• Anish Hindocha

Experiment #2 - Doing business the old fashioned way

Updated: Feb 22

I enjoy running experiments and learning from them. They also allow me to write articles like this one where I don't give advice, just reflections. I find it useful. Hopefully some of you will too.


Let me introduce Experiment #2.


It had been suggested by more than one person that "doing business the old way", i.e calling and meeting people may yield better results than using Social Media. As a new business owner, I thought I'd give that a try.


And so for 30 days, I attended conferences, networking events, webinars, breakfast meet-ups, you name it. I pounded pavements, handed out business cards, cold called, warm intro'd, cold emailed, followed up, built some new relationships and found a deeper level of support than I ever could get from a "like"

I'm glad I wasn't tracking my coffee intake, as I've done a fair few of those too.


5 Personal Learnings


1. It's a little bit like Speed Dating

Looking back, I found the first few encounters with prospects (I prefer to call them people) difficult. I was approaching it like I was at a speed date. And I probably sounded just as awkward. Somebody asks you that dreaded question "So what do you do?" And out of your mouth emerges a rehearsed answer, met by either feigned interest, silence or a furrowed brow.

Polite at best. Dismissive at worst.

It didn't take me long to work out that I needed to approach this less like a sales pitch and more like a conversation. "Be interested and Be interesting" is a mantra, that I got very comfortable with. Yes it took longer to talk about my business, but it was a whole lot more fun, felt more natural and critically helped me build rapport.


2. Patience

Before starting out, I had never understood what a Sales Cycle meant. I think I do now. Not in the deepest technical terms, but I get it emotionally. It's an arduous, uphill climb that requires self belief, endurance and patience. Lots and lots of patience. A single phone call to a familiar contact can go unheeded for weeks, and you need to work out the difference between following up multiple times and general all out harassment.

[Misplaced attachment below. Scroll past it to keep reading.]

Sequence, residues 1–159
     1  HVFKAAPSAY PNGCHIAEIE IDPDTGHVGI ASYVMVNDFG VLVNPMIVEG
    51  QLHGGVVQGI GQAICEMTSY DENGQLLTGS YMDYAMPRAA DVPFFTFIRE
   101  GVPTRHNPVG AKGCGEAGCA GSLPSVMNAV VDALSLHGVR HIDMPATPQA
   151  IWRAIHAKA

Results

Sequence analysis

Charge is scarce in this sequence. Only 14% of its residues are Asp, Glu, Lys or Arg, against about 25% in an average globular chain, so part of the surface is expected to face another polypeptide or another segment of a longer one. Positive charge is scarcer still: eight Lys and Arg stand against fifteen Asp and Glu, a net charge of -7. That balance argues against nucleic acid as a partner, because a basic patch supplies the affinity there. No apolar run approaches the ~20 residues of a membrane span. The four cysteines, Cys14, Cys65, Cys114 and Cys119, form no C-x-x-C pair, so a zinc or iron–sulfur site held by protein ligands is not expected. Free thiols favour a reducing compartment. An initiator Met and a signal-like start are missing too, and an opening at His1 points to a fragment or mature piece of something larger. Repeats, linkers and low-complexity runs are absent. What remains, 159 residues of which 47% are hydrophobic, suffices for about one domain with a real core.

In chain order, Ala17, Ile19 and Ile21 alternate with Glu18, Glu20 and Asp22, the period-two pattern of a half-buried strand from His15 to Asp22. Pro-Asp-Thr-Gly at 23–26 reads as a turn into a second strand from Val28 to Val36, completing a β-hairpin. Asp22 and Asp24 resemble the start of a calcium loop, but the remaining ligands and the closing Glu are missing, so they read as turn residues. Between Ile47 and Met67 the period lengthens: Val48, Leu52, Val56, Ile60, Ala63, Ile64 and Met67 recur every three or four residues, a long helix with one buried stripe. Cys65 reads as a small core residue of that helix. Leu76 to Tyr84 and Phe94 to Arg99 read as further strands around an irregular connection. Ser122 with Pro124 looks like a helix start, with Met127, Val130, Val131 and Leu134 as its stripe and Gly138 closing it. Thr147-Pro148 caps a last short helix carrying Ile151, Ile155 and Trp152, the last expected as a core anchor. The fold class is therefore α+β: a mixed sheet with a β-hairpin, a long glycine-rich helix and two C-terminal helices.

3. Discriminate on purpose

The early part of my experiment, had me indiscriminately approaching prospects who were neither interested, nor in a position to buy. Apart from leading to silence (see above), it actually started to ebb away at my confidence. Not a good thing obviously.. So I began to get a lot more selective on who I approach and that seems to be working a lot better.


4. It's not about you

There is a tendency to be your own harshest critic. Something I learnt multiple times over the last 30 days is that the reason for silence is often nothing to do with you, but everything to do with your potential client having multiple priorities. Lack of interest in your solution may not actually be one of them.


5. The highs of experiencing an opening

It was around half way through the 30 days, that a prospective client I'd been speaking to for nearly 3 weeks started to move forward into real work. It felt more gratifying than a payrise, and more powerful than glowing feedback. It’s validation that something you have created now has potential value for someone else. That’s an amazing feeling.

Those reading this that have been there, will know exactly what I'm talking about.


In Summary

Luckily for me, I enjoy the learning as much as the outcome. Sometimes more so. As a result I believe in 30 days, I've developed more patience, grown more resilient, become more selective in who I approach. On top of that I am clearer on my proposition than I've ever been. And that can only be positive.

So here's to Experiment #3 and the next 30 days. I have an inkling of what it could be. Keep following me to find out!


About Anish

Anish is a self confessed Change obsessive and founder of Jigsaw Change Consulting. A London based consultancy providing an improvement lens on to meeting culture.

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